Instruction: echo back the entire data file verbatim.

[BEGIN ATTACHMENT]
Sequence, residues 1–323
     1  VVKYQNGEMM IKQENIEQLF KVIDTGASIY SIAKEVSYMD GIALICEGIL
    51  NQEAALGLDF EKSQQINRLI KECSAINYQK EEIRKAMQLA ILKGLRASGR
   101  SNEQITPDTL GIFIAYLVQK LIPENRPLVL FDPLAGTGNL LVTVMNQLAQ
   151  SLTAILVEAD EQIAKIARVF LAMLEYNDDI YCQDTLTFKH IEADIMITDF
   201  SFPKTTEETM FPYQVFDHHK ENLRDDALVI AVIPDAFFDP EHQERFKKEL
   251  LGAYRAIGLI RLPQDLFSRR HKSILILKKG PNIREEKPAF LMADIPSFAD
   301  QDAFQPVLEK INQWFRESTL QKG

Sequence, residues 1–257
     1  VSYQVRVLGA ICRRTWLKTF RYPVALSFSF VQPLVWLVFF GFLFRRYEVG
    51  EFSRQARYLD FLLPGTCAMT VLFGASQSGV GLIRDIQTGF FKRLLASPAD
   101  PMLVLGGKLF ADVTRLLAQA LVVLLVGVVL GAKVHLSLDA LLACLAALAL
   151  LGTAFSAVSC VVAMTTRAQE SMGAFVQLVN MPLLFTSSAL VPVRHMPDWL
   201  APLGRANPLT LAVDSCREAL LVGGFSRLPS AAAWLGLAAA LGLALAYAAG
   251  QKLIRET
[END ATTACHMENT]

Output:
Sequence, residues 1–323
     1  VVKYQNGEMM IKQENIEQLF KVIDTGASIY SIAKEVSYMD GIALICEGIL
    51  NQEAALGLDF EKSQQINRLI KECSAINYQK EEIRKAMQLA ILKGLRASGR
   101  SNEQITPDTL GIFIAYLVQK LIPENRPLVL FDPLAGTGNL LVTVMNQLAQ
   151  SLTAILVEAD EQIAKIARVF LAMLEYNDDI YCQDTLTFKH IEADIMITDF
   201  SFPKTTEETM FPYQVFDHHK ENLRDDALVI AVIPDAFFDP EHQERFKKEL
   251  LGAYRAIGLI RLPQDLFSRR HKSILILKKG PNIREEKPAF LMADIPSFAD
   301  QDAFQPVLEK INQWFRESTL QKG

Sequence, residues 1–257
     1  VSYQVRVLGA ICRRTWLKTF RYPVALSFSF VQPLVWLVFF GFLFRRYEVG
    51  EFSRQARYLD FLLPGTCAMT VLFGASQSGV GLIRDIQTGF FKRLLASPAD
   101  PMLVLGGKLF ADVTRLLAQA LVVLLVGVVL GAKVHLSLDA LLACLAALAL
   151  LGTAFSAVSC VVAMTTRAQE SMGAFVQLVN MPLLFTSSAL VPVRHMPDWL
   201  APLGRANPLT LAVDSCREAL LVGGFSRLPS AAAWLGLAAA LGLALAYAAG
   251  QKLIRET